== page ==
United States District Court, D. Delaware
AXCESS INTERNATIONAL, INC. Plaintiff,
GENETEC (USA) INC., Defendant.
before me is Defendant's Motion to Dismiss Pursuant to
Federal Rule of Civil Procedure 12(b)(6). (D.I. 13).
Defendant challenges the patent eligibility of every claim of
U.S. Patent No. 7, 216, 158 ('"158 Patent")
under 35 U.S.C. § 101. The Parties have fully briefed
the issue. (D.I. 14, 17, 19). For the reasons set out below,
I will deny Defendant's motion.
filed this lawsuit on August 8, 2018, alleging that Defendant
infringes claims 14-18 of the '158 Patent. (D.I. 1). The
Patent contains three independent and twenty dependent
claims. Asserted independent claim 14 is representative:
method of providing identity verification for access to a
secure area, comprising:
eliciting a radio response from a radio frequency
identification (RFID) tag at an access door of a secure area;
determining whether access by a wearer of the RFID tag to the
secure area is authorized based on the radio response;
recording a video image of the wearer of the RFID tag at the
access door; and controlling access to the door to provide
access to the secure area by the wearer only if access by the
wearer is authorized.
('158 Patent, claim 14).
12(b)(6) Motion to Dismiss
reviewing a motion to dismiss pursuant to Rule 12(b)(6), the
court must accept the complaint's factual allegations as
true. See Bell Atl. Corp. v. Twombly, 550 U.S. 544,
555-56 (2007). Rule 8(a) requires "a short and plain
statement of the claim showing that the pleader is entitled
to relief." Id. at 555. The factual allegations
do not have to be detailed, but they must provide more than
labels, conclusions, or a "formulaic recitation" of
the claim elements. Id. ("Factual allegations
must be enough to raise a right to relief above the
speculative level... on the assumption that all the
allegations in the complaint are true (even if doubtful in
fact)."). Moreover, there must be sufficient factual
matter to state a facially plausible claim to relief.
Ashcroft v. Iqbal, 556 U.S. 662, 678 (2009). The
facial plausibility standard is satisfied when the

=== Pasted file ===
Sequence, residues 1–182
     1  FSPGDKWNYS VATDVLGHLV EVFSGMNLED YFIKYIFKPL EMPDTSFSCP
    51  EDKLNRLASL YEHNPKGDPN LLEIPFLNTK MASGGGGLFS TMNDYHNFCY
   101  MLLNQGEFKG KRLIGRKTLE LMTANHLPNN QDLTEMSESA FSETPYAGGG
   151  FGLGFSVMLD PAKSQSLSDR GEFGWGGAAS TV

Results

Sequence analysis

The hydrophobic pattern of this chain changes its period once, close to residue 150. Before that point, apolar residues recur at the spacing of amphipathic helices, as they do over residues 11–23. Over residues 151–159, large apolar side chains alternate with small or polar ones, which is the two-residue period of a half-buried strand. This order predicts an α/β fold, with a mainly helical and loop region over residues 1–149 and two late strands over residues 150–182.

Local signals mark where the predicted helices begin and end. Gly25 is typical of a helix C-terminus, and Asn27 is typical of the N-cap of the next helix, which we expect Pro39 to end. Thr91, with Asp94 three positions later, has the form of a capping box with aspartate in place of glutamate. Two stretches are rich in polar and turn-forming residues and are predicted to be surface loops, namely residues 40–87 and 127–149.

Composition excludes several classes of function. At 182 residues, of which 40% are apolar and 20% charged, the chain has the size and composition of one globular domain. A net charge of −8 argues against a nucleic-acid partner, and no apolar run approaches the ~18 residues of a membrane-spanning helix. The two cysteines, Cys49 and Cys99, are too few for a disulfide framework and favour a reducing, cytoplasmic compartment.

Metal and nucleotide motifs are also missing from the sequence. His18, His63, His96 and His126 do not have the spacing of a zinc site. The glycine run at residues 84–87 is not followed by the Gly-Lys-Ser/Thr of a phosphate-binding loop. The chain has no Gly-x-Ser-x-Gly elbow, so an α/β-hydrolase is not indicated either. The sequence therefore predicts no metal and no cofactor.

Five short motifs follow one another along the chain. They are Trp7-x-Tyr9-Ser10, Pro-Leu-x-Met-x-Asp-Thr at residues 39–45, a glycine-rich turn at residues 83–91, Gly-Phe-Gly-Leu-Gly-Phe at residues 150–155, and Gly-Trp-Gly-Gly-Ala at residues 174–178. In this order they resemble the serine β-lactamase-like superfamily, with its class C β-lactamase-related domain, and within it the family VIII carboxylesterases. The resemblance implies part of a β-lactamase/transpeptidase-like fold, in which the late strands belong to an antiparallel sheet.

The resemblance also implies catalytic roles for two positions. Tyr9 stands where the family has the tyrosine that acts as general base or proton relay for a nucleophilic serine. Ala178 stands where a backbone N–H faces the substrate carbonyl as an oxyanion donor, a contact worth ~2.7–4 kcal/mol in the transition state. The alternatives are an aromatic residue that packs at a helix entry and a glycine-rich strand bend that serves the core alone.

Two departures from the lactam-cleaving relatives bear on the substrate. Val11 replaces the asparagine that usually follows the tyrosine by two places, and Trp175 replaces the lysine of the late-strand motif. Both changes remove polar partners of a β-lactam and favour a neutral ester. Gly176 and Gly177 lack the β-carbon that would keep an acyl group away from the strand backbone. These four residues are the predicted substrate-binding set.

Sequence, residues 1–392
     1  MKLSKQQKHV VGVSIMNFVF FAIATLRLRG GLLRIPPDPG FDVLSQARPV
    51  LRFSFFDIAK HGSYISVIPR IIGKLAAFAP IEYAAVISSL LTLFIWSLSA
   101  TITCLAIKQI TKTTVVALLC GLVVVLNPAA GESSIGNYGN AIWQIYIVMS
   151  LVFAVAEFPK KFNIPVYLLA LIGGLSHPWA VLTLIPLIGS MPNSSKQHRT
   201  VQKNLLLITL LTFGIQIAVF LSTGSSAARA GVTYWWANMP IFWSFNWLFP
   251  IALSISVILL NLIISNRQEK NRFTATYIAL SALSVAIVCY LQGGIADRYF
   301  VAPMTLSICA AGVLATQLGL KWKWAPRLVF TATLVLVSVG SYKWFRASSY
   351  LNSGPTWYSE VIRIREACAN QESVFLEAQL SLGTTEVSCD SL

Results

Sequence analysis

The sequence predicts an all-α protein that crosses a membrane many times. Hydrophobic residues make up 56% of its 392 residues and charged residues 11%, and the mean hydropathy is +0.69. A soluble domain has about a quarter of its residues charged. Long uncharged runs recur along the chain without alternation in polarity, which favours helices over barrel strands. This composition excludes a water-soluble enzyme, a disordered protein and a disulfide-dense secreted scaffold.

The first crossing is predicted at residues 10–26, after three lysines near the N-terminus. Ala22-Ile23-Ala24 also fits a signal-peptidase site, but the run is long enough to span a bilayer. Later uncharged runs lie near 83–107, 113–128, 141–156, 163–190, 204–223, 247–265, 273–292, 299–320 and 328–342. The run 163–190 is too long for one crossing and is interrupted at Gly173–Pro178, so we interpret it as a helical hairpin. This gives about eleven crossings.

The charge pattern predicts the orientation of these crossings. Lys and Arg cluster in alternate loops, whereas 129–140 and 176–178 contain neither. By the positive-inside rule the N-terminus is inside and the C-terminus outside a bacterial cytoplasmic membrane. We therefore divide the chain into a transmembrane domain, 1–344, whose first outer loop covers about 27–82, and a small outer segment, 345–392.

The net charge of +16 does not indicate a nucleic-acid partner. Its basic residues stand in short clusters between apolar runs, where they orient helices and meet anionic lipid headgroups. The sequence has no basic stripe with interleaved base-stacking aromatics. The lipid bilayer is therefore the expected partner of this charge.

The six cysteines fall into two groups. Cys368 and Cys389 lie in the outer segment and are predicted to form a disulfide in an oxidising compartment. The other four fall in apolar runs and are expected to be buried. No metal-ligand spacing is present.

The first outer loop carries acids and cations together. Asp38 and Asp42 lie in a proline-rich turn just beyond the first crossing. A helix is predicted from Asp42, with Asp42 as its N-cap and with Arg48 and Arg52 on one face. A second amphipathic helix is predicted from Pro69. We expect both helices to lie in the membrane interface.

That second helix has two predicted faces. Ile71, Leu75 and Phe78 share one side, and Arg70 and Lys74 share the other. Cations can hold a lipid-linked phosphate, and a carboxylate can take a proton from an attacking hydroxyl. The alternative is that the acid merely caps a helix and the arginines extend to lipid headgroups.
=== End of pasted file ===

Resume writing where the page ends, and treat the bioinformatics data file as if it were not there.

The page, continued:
complaint's factual content "allows the court to
draw the reasonable inference that the defendant is liable
for the misconduct alleged." Id. ("Where a
complaint pleads facts that are merely consistent with a
defendant's liability, it stops short of the line between
possibility and plausibility of entitlement to relief."
(internal quotation marks omitted)).
35 U.S.C. § 101 Patent Eligible Subject Matter
101 of the Patent Act defines patent-eligible subject matter.
It provides: "Whoever invents or discovers any new and
useful process, machine, manufacture, or composition of
matter, or any new and useful improvement thereof, may obtain
a patent therefor, subject to the conditions and requirements
of this title." 35 U.S.C. § 101. The Supreme Court
recognizes three categories of subject matter that are not
eligible for patents-laws of nature, natural phenomena, and
abstract ideas. Alice Corp. Pty. v. CLS Bank
Int'l, 134 S.Ct. 2347, 2354 (2014). The purpose of
these exceptions is to protect the "basic tools of
scientific and technological work." Mayo
Collaborative Servs. v. Prometheus Labs., Inc., 132
S.Ct. 1289, 1293 (2012). "[A] process is not
unpatentable simply because it contains a law of nature or a
mathematical algorithm," as "an application of a
law of nature or mathematical formula to a known structure or
process may well be deserving of patent protection."
Id. at 1293-94 (internal quotation marks and
emphasis omitted). In order "to transform an
unpatentable law of nature into a patent-eligible application
of such a law, one must do more than simply state the law of
nature while adding the words 'apply it.'"
Id. at 1294 (emphasis omitted).
Alice, the Supreme Court reaffirmed the framework laid
out in Mayo "for distinguishing patents that
claim laws of nature, natural phenomena, and abstract ideas
from those that claim patent-eligible applications of those
concepts." 134 S.Ct. at 2355. First, the court must
determine whether the claims are drawn to a patent-ineligible
concept. Id. If the answer is yes, the court must
look to "the elements of the claim both individually and
as an 'ordered combination'" to see if there is
an '"inventive concept'-i.e., an
element or combination of elements that is 'sufficient to
ensure that the patent in practice amounts to significantly
more than a patent upon the [ineligible concept] itself"
Id. (alteration in original). "A claim that
recites an abstract idea must include 'additional
features' to ensure that the [claim] is more than a
drafting effort designed to monopolize the [abstract
idea]." Id. at 2357. Further, "the
prohibition against patenting abstract ideas cannot be
circumvented by attempting to limit the use of [the idea] to
a particular ...